Introduction: DeWalt Themed Mobility Scooter

About: Thanks for visiting my page. Just a little about me. I don’t specialize in any one thing. I love working with wood products and really enjoy coming up with new ways to create something. I have been woodworking…

While at the woodworking show in Indianapolis. My wife and I seen several mobility scooter at the venue. While holding all the stuff I bought and trying to find somewhere to sit to eat, one of these carts com rolling through with his products and a his food. I thought to myself that would be perfect for a place like this. So the next day, more out of curiosity then anything I looked on Craigslist for a mobility cart. I found a listing for $25.00, after reading the description I came to the conclusion that this cart worked and the owner just didn’t know how to fix the wiring. The owner just wanted to get rid of it. So I went after it. hints to the beginning of the build.

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Step 1: Lets Get Going

I started the video right here. To get you to the point I am now. I go back 2 days. I picked up the scooter for $25. The next day I had broken everything apart and cleaned and painted some of the main parts. That bring us to this point where I’m about ready to start putting things back together. I had to put things back together so I could find out if it all works.

Step 2: Front Forks

The front tire fork assembly. After everything got paint it was time to put this back together. The fork goes in first from the bottom. Then a bearing assembly, followed by a grease capped nut and a standard nut. On the inside a wedge shaped piece goes inside the steering neck get bolted on to that. The steering column gets a bolt and nut loosely tighten in order to fold down. One more hex bolt goes tors the front this bolt comes out if you want to fold the handles down.

Step 3: Motor Mount

The motor get mounted to the rear left wheel area. It is held on with 4 nuts, bolts, washers, and lock washer. The two hex screws push against the motor mount to apply tension to the chain. The chain need to be put on before anything else.

Step 4: Wiring and Handle Bars

Step 5: Floor Board

The floor board holds the batteries, the computer and the wires all start or end up there at some point. First I need to run the brake cable to the rear wheel. I won’t be able to do this after the components get put in. The cable runs from the left handle bar to the right wheel. It goes in though the front of the floor board pan and out the rear. I use 1/4″ grommets to protect the cable something the manufacture didn’t do. Grommets are good to have around the shop they come in handy. Next, I placed the board into the floor board the mount the computer. This board is held in with hot glue. The front two compartments is where the batteries go. I place two strips of weather tape to help with vibrations. Not completely necessary being AGM batteries it don’t matter to much.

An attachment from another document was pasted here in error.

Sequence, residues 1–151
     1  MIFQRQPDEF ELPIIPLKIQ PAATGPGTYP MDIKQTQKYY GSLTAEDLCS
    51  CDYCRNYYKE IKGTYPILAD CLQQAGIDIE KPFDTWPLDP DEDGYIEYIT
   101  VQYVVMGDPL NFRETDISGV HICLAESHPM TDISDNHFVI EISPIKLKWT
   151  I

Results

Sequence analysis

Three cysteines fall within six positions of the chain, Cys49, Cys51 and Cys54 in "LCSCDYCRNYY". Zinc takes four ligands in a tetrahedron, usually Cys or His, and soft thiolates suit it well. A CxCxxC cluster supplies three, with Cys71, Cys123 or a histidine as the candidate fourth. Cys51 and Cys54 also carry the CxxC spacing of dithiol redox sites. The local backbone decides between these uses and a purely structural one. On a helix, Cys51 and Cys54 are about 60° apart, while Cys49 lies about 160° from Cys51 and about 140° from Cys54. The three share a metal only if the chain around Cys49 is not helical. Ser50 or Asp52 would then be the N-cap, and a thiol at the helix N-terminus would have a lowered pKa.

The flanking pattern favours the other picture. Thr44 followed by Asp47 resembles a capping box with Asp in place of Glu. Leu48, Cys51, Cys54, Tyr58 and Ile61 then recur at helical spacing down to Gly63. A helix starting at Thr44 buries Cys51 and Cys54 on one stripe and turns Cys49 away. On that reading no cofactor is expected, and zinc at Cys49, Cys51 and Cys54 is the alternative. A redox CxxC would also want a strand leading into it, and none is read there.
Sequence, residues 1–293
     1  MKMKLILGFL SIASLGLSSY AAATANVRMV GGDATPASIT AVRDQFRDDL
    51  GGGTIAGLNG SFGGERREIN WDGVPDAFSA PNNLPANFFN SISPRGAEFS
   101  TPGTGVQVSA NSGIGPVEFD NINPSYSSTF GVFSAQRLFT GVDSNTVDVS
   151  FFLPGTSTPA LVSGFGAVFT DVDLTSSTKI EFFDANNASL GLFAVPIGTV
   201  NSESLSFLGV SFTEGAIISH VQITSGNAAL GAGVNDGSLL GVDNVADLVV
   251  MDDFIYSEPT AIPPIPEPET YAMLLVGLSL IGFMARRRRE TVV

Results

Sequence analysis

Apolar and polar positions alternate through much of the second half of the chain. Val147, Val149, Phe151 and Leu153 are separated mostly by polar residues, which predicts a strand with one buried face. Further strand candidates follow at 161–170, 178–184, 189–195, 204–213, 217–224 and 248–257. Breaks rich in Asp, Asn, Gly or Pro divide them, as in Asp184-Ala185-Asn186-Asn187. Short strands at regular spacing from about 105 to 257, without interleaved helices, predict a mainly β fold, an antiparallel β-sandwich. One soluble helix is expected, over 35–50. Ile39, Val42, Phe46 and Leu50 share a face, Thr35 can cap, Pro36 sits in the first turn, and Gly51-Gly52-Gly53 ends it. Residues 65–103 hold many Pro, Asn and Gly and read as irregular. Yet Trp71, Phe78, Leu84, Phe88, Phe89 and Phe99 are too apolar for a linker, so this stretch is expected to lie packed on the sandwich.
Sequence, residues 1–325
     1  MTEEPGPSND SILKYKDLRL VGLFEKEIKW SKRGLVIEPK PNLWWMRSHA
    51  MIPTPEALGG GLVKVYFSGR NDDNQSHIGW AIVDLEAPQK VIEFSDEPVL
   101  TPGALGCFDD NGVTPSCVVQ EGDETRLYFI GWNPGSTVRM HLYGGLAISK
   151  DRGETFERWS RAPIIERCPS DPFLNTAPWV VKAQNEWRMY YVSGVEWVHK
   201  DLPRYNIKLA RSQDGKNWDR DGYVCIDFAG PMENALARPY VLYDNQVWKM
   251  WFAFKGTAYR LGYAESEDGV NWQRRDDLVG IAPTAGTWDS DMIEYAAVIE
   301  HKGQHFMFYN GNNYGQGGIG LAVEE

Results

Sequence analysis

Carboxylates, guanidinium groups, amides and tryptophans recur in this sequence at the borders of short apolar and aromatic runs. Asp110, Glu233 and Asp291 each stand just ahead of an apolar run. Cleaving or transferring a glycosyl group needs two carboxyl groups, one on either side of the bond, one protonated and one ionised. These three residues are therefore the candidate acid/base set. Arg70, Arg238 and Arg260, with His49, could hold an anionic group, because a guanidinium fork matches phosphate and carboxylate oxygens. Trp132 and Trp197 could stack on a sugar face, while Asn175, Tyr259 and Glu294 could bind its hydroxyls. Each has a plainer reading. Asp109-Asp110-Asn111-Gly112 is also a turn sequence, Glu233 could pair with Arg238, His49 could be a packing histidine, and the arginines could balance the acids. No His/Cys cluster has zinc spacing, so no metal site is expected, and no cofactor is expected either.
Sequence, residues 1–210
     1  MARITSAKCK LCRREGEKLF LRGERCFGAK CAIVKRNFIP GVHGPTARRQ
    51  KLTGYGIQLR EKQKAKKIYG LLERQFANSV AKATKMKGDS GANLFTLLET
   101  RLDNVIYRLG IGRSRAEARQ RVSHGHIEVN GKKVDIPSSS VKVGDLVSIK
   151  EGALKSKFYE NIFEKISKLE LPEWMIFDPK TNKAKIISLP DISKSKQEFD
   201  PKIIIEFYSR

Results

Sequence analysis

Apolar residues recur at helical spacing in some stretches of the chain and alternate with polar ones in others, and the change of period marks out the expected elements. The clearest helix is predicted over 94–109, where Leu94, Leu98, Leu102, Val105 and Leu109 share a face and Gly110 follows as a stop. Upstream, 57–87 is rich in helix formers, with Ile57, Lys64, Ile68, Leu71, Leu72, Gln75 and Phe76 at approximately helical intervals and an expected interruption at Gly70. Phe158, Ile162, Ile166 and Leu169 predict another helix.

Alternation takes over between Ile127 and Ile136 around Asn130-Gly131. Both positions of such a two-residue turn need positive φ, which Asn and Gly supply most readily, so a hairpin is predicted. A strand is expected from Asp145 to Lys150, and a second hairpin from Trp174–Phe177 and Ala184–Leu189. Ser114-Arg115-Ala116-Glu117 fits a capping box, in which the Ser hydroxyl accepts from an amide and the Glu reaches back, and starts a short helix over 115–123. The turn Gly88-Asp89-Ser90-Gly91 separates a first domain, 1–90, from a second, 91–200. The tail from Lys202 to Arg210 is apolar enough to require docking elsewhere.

Step 6: Frame Prep

The metal frame covered by wood. This made it easier to attach the floor board and other items. Strips of wood got cut to fit in there place. after fitting each piece I drilled a hole with an 1/8″ bit. The bit went through the wood and the frame to later be attached with a sheet metal screw. Counter sank the sheet metal screws head.

The same treatment as before to these to wire runs. Then I put together the main dashboard and headlight assembly

Step 7: Under Seat Box

This assembly goes under the seat. It provides a motor cover, a wire housing and over looks. I designed this part to emulate the looks of a DeWalt 20 volt battery.

Step 8: Trunk? Glove Box?

At this point I noticed I have been using a lot of the same tools metric allen wrenches, metric wrenches and slotted and phillip screwdrivers. I had this one compartment left over and decide to make a trunk,if you will, full of those tool. Kaizen foam by FastCap is a great thing to have is you shop you just never know when or how you’ll use it.

Step 9: Floor Board

The floor board is made one piece at a time. I was formed with two sides then a part in the middle. Then a few pieces around the middle to foam the secondary dash board. This holds the dual USB ports and battery indicator. This very useful two in one unit saved time and headaches.

The floor board lifts up and off to gain access to the components. It has a channel to hide the wires. It also hold the secondary dashboard with a quick disconnect. On the third picture you can see the little hole to maneuver the wires through.

Step 10: Wheelie Bar Wheels

The rubber wheels for the wheelie bar was just a bit chewed up. I mounted them to the lathe, cleaned and trued the tread. Then using my Texturing tool on the lathe gave it some new tread and life.

Step 11: Baggage

Step 12: Wrap Up

The switch put the scooter in reverse. The port on the right is a charger port. Headlight work but still need to be replaced with LED brighter bulbs. The turn signals also work and need to be replaced with yellow LED’s. Under the floor board holds two 12v AGM batteries, the computer and an extra area for tools. Added a DeWalt tool bag to the back of the seat. This stores the charger a 5mm hex wrench and a phillip screw driver. Everything you need to fold the scooter down and to get into the floorboard. The floor board is held down with four phillips screws. The handle bars fold down with a 5mm hex wrench. The charger plugs into a normal American 110v outlet, a plugs into a XLR female charger port.

Trash to Treasure Contest 2017

Participated in the
Trash to Treasure Contest 2017